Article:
Anyone who’s ever tried to put ANYTHING in a T/A’s trunk knows that there’s not a lot of room in there. You can fit a few 2-4s of beer, and maybe a lawn chair or two. That’s all. That’s okay, though, because the T/A is really a two-person car, and transporting beer is a specialty for it. However, the Lada is a 4-door family car (or taxi, as here), and that’s a mission that usually requires more trunk space! It’s frightening too, that the hood of the T/A is bigger than the Lada’s roof.
The Last Word:
This replica of the Vaz 2101 (or Lada 1200) taxi is awesome. It is well-detailed and put together, and has both heft and fineness. The opening hood and trunk are fun to play with, but caution should be exercised because the hinges don’t appear all that strong. Same with the suspension. Too much “off-roading” while driving it on your desk could cause a replica shock blowout, so watch it!
As a display piece, the extremely utilitarian nature of the car’s design, its wacky-looking open hood and the oh-so-Soviet-era crest on the door are immediate attention grabbers. Because it’s so small, you’re not going to have to spend a lot of shelf space to display this little guy, either.
So, can I recommend it? Heck yeah! However, getting one might be tough. I saw one on EBay that sold for $150+ USD, but that was perfect in a box. Even one like this, then, might end up costing you dearly. However, if you should see someone who has one, and doesn’t know what it is, you might still get one cheap. If you can, go for it. How else are you going to get a replica of this thing?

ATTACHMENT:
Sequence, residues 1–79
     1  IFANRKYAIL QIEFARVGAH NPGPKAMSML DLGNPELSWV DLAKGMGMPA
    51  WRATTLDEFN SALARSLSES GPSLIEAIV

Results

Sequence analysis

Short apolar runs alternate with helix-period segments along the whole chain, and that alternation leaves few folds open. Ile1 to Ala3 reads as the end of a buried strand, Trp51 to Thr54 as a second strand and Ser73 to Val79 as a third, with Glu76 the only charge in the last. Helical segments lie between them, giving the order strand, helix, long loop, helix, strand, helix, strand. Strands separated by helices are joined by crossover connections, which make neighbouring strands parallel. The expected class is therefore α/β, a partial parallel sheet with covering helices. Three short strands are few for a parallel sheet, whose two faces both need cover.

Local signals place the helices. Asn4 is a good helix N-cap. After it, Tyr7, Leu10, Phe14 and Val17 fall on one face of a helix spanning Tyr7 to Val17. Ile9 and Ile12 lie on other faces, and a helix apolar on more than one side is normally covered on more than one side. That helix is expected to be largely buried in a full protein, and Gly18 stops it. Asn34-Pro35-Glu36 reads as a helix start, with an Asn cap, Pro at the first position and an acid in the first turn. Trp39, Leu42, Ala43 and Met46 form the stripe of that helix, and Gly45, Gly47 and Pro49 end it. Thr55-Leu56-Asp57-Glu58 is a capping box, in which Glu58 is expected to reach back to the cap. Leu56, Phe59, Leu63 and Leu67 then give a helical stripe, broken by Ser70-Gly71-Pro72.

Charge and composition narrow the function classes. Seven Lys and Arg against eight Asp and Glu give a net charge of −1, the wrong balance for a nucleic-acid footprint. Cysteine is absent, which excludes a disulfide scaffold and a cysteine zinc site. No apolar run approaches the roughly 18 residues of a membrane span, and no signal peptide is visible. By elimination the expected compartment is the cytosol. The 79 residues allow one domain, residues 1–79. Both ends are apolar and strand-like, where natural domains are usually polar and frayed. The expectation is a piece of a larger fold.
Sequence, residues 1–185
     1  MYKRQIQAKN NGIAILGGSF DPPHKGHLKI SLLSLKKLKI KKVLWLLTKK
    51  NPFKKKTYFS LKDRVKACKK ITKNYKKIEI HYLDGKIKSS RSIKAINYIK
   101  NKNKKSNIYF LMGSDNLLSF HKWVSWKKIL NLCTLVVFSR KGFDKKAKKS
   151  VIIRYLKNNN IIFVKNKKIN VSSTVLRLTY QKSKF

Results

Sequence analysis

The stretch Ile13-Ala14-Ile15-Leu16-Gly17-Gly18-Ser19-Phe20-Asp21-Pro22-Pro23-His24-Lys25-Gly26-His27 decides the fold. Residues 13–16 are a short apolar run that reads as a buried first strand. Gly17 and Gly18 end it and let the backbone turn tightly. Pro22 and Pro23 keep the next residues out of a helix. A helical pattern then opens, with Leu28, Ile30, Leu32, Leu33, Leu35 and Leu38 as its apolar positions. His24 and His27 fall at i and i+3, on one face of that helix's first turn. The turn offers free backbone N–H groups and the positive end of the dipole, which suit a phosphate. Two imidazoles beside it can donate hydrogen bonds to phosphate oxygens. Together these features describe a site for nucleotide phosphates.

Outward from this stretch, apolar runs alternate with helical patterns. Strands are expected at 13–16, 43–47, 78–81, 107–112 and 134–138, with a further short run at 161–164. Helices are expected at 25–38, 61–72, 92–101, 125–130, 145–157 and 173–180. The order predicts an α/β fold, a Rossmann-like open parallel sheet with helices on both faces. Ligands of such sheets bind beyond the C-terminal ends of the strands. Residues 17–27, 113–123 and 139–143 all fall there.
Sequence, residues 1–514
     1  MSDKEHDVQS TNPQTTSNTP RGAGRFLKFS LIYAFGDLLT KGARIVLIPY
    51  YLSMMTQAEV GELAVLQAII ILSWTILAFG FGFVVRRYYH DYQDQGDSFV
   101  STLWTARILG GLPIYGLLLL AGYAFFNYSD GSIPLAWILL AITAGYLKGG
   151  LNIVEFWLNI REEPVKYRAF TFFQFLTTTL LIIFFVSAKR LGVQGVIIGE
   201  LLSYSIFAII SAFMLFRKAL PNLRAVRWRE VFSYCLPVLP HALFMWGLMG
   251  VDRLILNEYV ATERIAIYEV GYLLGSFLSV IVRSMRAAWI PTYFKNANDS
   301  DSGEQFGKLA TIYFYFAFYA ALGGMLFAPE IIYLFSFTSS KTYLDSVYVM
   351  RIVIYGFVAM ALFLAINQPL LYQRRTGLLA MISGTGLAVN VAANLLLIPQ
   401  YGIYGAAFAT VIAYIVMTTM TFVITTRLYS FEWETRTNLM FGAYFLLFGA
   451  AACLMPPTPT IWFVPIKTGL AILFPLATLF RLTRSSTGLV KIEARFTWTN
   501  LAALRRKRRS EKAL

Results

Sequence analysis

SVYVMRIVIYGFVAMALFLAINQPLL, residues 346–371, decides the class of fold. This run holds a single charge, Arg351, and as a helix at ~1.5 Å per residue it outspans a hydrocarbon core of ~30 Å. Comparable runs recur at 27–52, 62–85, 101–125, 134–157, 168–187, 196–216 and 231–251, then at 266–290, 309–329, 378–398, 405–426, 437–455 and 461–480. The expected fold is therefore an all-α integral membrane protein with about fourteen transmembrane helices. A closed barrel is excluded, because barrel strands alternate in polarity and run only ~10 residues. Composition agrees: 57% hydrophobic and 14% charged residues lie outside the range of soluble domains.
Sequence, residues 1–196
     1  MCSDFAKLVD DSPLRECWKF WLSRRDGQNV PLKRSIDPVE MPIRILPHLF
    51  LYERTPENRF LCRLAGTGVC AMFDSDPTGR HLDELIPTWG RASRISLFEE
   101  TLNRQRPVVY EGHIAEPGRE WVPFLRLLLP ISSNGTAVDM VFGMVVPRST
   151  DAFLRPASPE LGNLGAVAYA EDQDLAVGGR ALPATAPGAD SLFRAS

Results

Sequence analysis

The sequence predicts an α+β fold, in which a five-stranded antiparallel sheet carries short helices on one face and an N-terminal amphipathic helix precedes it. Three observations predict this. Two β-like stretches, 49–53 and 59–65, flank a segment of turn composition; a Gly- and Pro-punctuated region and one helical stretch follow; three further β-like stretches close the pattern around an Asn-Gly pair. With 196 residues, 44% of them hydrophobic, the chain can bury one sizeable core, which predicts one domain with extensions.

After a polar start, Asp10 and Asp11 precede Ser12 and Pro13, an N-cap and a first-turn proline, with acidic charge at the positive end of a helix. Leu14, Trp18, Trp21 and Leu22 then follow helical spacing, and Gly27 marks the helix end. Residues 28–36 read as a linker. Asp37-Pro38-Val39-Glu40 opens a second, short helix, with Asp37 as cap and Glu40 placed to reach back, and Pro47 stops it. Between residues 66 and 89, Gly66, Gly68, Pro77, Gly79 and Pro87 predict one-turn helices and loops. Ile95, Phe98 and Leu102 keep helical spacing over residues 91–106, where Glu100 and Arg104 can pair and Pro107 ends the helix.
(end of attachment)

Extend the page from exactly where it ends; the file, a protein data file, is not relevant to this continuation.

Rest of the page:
As you can see from the comments below, this is NOT a taxi as originally thought. It is actually a police vehicle. However, it appears to be a traffic police car. This makes sense, since a blue light is not very taxi-like, unless it’s on sale at a K-Mart, that is. That also explains why there’s an official-lookng crest on the door.
I apologize for the misrepresentation, and I’m very appreciative that someone let me know. However, my commets about the taxi-ness of this toy still stand, since there IS a taxi version, this just isn’t it.
Thanks again to those who found my mistake, and hopefully it hasn’t thrown too many people off!